- The Washington Times - Wednesday, July 8, 2020

The general in charge of U.S. military operations in the Middle East and Afghanistan said Tuesday that while it was a cause for worry, he has not seen direct evidence from the field to back up explosive U.S. intelligence findings that Russia was paying Taliban fighter “bounties” to kill American and allied troops.

The intelligence, and the timeline of what the Trump White House knew and what it did about it, have become a major partisan battle in Washington, with Democrats saying Mr. Trump should have done more to confront the Kremlin over the allegations.

But speaking to a small group of reporters late Tuesday, Gen. Frank McKenzie, commander of U.S. Central Command, said that he has not been convinced that the deaths of any American personnel serving in the region were directly linked to Russian bounties offered to Taliban militants on U.S. soldiers.

“The intelligence case wasn’t proved to me,” he said. “It was proved enough to worry me. It wasn’t proved enough that I’d take it to a court of law. That’s often true in battlefield intelligence.”

He explained that intelligence often shows “troubling” indicators, “but in this case, there just wasn’t enough there.”



Gen. McKenzie’s comments mark the first time a senior Pentagon official has directly answered questions about the intelligence reports. The Pentagon and U.S. commanders have complained strongly in the past that Moscow has provided logistical and material support to the Taliban as the radical Islamist insurgency fights the U.S.-backed government in Kabul.

The reports claimed President Trump was briefed on the matter, and that the National Security Council held a meeting to discuss possible responses in late March. Mr. Trump has maintained that he was not previously briefed on the reports, and his aides have said the intelligence was contradictory and not nailed down.

Mr. Trump has gone on the offensive on the story, saying last week on Twitter it was a “made-up fake news media hoax started to slander me & the Republican Party.”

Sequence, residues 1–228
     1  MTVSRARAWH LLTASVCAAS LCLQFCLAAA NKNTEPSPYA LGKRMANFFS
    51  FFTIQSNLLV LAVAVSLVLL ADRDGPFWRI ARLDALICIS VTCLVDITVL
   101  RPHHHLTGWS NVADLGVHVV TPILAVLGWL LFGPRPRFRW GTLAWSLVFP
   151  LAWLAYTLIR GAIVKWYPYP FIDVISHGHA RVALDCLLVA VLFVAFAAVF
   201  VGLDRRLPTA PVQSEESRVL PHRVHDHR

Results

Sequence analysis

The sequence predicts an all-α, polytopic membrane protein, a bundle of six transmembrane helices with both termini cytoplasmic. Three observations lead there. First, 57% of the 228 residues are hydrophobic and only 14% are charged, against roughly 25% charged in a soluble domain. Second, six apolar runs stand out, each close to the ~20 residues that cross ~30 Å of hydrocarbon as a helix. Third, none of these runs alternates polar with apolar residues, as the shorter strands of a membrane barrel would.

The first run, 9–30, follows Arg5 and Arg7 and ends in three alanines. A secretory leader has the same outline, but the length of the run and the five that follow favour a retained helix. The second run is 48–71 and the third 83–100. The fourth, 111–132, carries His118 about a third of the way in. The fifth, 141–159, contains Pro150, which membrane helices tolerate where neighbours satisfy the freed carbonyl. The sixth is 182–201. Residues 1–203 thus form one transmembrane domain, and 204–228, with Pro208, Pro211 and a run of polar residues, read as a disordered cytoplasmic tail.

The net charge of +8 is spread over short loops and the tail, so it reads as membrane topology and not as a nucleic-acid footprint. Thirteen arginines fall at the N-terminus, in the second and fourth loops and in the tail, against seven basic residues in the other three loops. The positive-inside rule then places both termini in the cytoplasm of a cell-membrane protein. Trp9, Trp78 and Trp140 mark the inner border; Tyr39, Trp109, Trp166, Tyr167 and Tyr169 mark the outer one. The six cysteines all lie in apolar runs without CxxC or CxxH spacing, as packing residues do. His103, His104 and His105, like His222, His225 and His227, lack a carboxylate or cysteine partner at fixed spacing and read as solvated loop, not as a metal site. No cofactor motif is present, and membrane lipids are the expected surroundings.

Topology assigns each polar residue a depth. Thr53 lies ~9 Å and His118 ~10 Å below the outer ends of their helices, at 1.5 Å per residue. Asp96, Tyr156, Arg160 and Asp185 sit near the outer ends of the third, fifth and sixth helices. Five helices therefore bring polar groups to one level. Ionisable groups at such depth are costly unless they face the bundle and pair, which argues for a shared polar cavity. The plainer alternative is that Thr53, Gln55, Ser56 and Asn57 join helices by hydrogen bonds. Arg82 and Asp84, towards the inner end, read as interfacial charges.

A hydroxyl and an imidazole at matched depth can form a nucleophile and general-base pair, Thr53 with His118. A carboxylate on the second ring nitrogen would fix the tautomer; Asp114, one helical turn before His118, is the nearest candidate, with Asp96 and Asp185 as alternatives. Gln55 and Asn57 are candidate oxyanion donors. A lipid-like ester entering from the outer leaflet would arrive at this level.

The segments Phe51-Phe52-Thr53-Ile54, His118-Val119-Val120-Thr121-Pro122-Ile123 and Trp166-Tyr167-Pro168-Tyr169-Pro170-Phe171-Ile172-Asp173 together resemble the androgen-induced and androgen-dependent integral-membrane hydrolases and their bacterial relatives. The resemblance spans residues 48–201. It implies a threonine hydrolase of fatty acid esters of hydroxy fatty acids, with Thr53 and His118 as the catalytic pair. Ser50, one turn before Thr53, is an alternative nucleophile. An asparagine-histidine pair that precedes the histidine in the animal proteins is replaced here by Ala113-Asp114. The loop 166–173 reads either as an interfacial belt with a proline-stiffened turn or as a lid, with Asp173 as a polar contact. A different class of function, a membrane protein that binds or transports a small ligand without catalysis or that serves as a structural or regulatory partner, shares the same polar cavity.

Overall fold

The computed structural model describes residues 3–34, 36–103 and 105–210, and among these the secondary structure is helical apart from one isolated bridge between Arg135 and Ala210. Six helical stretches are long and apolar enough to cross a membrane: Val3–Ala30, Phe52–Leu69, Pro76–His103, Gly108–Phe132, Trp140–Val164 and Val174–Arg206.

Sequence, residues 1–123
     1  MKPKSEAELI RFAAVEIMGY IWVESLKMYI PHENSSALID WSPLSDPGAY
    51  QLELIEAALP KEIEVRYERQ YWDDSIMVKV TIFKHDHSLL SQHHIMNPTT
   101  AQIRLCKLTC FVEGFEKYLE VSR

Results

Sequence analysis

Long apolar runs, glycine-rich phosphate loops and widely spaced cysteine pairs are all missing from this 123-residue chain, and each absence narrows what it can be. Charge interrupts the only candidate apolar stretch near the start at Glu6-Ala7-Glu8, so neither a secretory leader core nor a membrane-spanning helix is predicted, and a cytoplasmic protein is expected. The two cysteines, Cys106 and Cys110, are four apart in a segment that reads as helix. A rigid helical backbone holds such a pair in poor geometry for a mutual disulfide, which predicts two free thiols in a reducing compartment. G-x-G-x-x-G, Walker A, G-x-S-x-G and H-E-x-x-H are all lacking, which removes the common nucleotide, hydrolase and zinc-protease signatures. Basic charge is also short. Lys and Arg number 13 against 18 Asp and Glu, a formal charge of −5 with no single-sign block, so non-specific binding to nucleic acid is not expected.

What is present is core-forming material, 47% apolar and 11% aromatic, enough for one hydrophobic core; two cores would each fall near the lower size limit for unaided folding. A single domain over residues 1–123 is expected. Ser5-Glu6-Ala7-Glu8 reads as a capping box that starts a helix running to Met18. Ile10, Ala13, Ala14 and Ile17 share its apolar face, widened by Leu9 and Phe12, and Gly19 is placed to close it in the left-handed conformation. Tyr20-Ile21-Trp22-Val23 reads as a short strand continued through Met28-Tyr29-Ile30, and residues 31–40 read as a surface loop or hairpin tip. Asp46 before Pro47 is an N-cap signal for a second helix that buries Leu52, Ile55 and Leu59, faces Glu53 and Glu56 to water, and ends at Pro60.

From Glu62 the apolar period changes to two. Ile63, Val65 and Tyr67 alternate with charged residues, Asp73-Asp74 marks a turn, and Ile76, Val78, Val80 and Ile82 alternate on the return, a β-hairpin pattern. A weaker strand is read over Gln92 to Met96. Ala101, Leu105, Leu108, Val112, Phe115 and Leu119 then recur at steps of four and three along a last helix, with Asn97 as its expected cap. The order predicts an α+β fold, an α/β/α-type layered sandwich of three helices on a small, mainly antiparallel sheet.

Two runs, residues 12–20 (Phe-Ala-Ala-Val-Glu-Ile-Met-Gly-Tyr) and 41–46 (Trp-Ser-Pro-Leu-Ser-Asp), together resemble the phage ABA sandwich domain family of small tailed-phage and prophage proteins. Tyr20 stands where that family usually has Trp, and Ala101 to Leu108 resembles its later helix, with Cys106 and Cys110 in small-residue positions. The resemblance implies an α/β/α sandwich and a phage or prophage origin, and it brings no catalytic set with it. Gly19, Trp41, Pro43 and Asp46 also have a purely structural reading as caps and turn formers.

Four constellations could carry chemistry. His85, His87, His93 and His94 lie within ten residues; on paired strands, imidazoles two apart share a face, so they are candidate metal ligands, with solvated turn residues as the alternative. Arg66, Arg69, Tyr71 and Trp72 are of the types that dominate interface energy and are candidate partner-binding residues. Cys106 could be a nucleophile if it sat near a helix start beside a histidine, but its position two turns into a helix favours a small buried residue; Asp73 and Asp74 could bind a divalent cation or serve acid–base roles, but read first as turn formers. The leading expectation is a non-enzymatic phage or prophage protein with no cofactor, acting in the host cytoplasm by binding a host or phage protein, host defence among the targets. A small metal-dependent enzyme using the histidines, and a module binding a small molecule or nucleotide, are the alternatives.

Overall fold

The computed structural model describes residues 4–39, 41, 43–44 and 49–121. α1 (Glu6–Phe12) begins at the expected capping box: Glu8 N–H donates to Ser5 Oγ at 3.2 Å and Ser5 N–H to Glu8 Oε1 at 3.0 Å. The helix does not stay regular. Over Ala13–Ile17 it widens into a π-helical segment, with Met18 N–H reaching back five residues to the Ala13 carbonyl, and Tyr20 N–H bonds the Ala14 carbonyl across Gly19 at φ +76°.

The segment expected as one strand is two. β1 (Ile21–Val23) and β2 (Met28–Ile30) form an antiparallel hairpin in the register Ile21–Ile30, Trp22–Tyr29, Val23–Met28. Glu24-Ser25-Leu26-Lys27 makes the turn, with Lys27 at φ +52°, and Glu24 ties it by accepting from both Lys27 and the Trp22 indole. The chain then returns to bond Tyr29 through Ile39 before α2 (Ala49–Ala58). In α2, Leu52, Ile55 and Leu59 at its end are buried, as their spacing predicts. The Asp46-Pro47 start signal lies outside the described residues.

The four-star general said that he has directed military intelligence officers to continue to “dig” on the reports, but at the time the intelligence emerged, he “just didn’t find that there was a causative link” to the deaths of American troops.

“I’m very familiar with this material, and I’m a theater commander and I’ve had an opportunity to look at it. I found it very worrisome,” he said, adding that his command takes “extreme force protection measures all the time in Afghanistan.”

Four U.S. soldiers have been killed in Afghanistan this year, while 19 were killed last year.

But the political fallout from the story first reported by The New York Times is still being felt.

Despite the general’s comments, a new Reuters/Ipsos poll released Wednesday found that most Americans believe Russia did place the bounties on American soldiers in Afghanistan last year, with over half saying they support sanctions on Moscow in response.

The poll, conducted this week of 1,114 adults across the country, found that 60% of Americans said they believe the reports to be “very” or “somewhat” credible, while 21% said they were not and 20% were unsure.

More than 80% of Americans said they see Russian President Vladimir Putin as a threat to the U.S. Just 35% of respondents said they back Mr. Trump’s handling of Russia, compared to 52% do not.

A majority of Americans — 54% — said the U.S. should impose sanctions on Russia in response for the bounties. 9% backed military strikes as a response, while another 9% preferred a more diplomatic route.

Lawmakers in the U.S. have said that if the reports prove to be credible, it would warrant a forceful response. But the ambiguous intelligence, of which some top members were briefed on in a classified setting last week, appears to have left members frozen in deciding on a proportional response.

The Central Intelligence Agency as well as several top counterterrorism officials have assessed with “medium confidence” that Russia’s GRU military intelligence agency paid bounties to Taliban fighters to kill American soldiers, according to an internal memo authored by Director of National Intelligence John Ratcliffe.

But other intelligence agencies have expressed “low confidence” in the intelligence, as some officials did not see enough credible evidence to support the same conclusion.

Whatever the truth of the bounty reports, Gen. McKenzie cautioned American to “always remember: The Russians are not our friends.”

“They are not our friends in Afghanistan, and they do not wish us well,” he warned, “and we just need to remember that at all times when we evaluate that intelligence.”

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